On page 33, there's a story by Melinda Liu on actual progress in Iraq, headlined: "Gathering the Tribes: U.S. field commanders are finally beginning to tap the traditional networks that helped Saddam stay in power." Liu reported from Ramadi that "Marines and Iraqi tribesmen and police are sitting together, swapping jokes and stories. Some of these Iraqis were probably shooting at Americans less than a year ago. Now they and the Marines are fighting side by side against Al Qaeda."
Charlie Hall, a Washington Post reporter and copy editor for 20 years, is running for a county board seat in suburban northern Virginia as a Democrat, and as the Post itself reported Tuesday, he gets really upset when his Democratic opponents suggest he has no Democratic credentials: "The issue infuriates Hall, who said that he has voted Democrat his whole life."
Post reporter Bill Turque chronicled the primary fight for the Providence District of the Fairfax County Board, a long-time Democratic stronghold. Hall's a staunch opponent of new real-estate development in the area. The incumbent fighting for re-election on June 12 is Linda Q. Smyth, who is backed by the chairman of the Fairfax County Board, Gerald Connolly:
News magazines love to float above the real news and focus on nebulous trends, and perhaps none are more nebulous than the sudden popularity of the "beta male," as represented by Al Gore. The "cultural dispatch" by writer Jennie Yabroff celebrates Gore as "the proto beta male" who’s "having the last laugh as a movie star, an ecosavant, a best-selling author, and a potential dark-horse presidential candidate."
Yabroff’s article in the June 4 edition was headlined "Betas Rule: What do Jim from 'The Office,' Shrek and Al Gore have in common? They're beta males—losers who are winning. Look out, alpha dogs." While the grasping, ambitious "alphas" are out, Gore and Bill Clinton are singled out as the hottest political embodiments of sensitively surrendering men, as if they have no ambitions at all:
In Monday's Washington Post, media reporter Howard Kurtz relayed that Time columnist Joe Klein may have succumbed big time to the stickiest temptation of a national political writer – advising the liberal standard-bearer on how he should win the presidency. (When he doesn't, deny you were ever an adviser, even unofficially.) Klein, renowned back in 1992 as a Clinton toady, reportedly had Kerry eating out of his hand, playing the guru to Kerry at his own abode:
Were some pundits advising John Kerry's presidential campaign while critiquing it for the public? In his new memoir "No Excuses," veteran Democratic consultant Robert Shrum says Time columnist Joe Klein doubled as a "sometime adviser," and that the Massachusetts senator "craved his approval."
The Washington Post took a second bite out of the forthcoming MSM-originating Hillary Clinton biographies on Sunday, in an article titled "Unflattering Books Cause Barely A Ripple." Reporters Dan Balz and Perry Bacon Jr. stressed that (Democrat) voters in the Iowa towns of Algona, Charles City, Mason City and Emmetsburg didn't have book-related questions. The reporters dropped another fun quote from one of the books:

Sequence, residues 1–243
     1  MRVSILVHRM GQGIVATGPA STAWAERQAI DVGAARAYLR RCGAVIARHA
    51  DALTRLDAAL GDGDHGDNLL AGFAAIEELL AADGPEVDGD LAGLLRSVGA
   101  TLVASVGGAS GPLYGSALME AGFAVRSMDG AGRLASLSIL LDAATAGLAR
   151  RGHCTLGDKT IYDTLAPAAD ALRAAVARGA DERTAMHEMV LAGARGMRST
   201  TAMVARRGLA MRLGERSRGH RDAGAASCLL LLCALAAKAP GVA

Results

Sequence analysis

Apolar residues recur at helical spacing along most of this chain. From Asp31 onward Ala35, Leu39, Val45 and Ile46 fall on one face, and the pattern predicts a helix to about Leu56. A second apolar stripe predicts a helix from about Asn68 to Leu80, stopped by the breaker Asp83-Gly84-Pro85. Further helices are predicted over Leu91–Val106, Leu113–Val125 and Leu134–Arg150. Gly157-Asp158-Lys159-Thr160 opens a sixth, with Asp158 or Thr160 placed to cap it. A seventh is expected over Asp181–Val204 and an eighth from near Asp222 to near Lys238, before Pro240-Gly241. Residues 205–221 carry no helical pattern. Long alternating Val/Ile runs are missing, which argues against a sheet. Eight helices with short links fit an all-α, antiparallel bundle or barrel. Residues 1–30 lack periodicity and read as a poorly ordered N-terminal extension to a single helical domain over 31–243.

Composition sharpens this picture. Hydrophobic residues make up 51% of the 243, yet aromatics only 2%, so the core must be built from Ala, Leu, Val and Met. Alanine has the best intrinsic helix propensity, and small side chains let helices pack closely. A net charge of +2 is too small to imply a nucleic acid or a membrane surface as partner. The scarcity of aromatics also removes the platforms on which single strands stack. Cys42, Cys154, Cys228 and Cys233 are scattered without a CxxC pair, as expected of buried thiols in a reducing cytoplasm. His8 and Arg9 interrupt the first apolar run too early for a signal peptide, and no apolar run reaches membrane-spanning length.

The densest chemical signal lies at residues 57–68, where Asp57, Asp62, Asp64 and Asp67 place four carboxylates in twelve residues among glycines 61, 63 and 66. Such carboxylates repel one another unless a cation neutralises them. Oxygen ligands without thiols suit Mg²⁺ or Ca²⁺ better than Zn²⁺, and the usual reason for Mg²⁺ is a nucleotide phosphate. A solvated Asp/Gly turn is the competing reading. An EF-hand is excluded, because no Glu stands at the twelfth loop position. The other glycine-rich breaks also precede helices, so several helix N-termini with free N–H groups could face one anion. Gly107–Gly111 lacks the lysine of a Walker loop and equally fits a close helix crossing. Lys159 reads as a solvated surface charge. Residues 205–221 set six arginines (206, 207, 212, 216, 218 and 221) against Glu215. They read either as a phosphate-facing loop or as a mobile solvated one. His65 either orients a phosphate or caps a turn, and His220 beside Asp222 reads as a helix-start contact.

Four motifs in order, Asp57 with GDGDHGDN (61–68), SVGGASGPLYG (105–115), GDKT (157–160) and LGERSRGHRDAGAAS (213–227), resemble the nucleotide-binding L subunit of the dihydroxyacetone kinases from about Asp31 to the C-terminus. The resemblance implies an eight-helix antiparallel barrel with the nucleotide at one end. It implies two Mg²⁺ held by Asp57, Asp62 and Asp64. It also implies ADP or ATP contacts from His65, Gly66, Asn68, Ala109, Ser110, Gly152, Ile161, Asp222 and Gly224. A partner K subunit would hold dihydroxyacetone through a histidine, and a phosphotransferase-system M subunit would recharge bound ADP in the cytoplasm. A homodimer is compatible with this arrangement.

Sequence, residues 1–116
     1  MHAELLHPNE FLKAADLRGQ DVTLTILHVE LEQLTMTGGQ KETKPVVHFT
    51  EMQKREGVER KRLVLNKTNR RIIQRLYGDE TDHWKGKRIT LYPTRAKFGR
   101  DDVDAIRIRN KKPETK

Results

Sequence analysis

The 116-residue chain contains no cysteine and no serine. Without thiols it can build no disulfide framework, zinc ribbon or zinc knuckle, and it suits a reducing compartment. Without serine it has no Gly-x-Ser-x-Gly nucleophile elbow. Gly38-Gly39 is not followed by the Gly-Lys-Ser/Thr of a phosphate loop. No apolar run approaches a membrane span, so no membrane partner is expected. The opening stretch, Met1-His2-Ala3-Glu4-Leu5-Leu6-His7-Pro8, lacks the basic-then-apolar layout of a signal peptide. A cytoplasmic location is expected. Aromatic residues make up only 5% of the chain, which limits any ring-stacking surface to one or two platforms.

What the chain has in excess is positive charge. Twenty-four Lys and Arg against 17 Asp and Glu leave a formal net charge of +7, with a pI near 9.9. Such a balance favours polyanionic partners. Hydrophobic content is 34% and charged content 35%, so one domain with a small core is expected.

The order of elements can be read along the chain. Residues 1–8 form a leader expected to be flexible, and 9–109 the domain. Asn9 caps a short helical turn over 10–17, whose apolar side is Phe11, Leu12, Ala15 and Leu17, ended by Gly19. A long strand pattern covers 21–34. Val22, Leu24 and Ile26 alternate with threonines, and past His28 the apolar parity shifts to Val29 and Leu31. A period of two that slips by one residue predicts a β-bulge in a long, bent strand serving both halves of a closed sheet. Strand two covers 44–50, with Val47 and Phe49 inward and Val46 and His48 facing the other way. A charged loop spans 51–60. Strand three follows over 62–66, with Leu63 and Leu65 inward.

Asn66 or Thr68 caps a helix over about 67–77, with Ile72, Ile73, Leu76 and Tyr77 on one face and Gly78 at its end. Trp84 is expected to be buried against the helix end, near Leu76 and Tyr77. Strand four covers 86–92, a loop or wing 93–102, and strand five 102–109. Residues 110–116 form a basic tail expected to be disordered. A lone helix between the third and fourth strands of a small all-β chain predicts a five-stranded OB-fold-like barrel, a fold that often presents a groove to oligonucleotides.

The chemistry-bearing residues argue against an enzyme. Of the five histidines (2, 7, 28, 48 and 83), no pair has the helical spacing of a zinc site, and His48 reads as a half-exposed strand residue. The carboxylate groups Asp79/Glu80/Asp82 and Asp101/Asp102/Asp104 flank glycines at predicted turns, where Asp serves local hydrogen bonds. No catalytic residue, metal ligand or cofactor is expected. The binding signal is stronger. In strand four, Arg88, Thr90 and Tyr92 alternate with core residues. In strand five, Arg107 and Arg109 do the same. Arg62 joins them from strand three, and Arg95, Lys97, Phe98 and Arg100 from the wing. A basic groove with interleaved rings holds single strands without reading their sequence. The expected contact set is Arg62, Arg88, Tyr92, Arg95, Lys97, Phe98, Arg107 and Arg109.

[Former WashPost reporter Carl] Bernstein's book, for example, reports that then-White House adviser George Stephanopoulos described to unnamed colleagues Clinton's responses to the White House Travel Office case and other scandals as "Jesuitical lying." Stephanopoulos, now anchor of ABC's "This Week" program, declined to comment when reached Friday.
There are articles about the hippy-dippy 1960s that seem designed to show how the left can eat its own. In Friday’s Weekend Arts section of the New York Times, the top of the page was dominated by an art review by Holland Cotter titled "Through Rose-Colored Granny Glasses." In between his personal notes on the "weird-sweet burn" of tear gas and displaying a knowing nod toward the effects of taking the "wrong drug at the wrong time," Cotter scorned the new "Summer of Love" exhibit at the Whitney Museum as scarred by racism, sexism, and commercialism. First, he complained that the radical politics of the era was undersold, and the gay and women’s "liberation" movements:
But the net effect is less to reveal a depth and variety of creativity than to demonstrate that the main function of alternative art was advertising, that the counterculture started as a commercial venture, which soon became a new mainstream and ended up an Austin Powers joke.
In a surprise in their Sunday Week in Review section, The New York Times assigned a correspondent to question leftist filmmaker Michael Moore’s math about Cuba having a better health care system than the United States: "How could a poor developing country — where annual health care spending averages just $230 a person compared with $6,096 in the United States — come anywhere near matching the richest country in the world?" Correspondent Anthony DePalma found experts who granted points to Cuba’s "universal" health care, but also pointed to the communist dictatorship’s high rates of abortion and emigration, and ironically, its shortages – poor transportation and a restricted food supply – as reasons why Cuban life expectancy may be high.
The DePalma piece was highlighted on the Times home page Sunday, complete with a picture of people sitting in a clinic under a painting of Che Guevara. DePalma noted that Moore’s new film "Sicko" gets poetic about the wonders of Cuban health care: It "savages the American health care system — and along the way extols Cuba’s system as the neatest thing since the white linen guayabera [shirt]." He began his analysis by quoting Moore promoting Cuba in Time: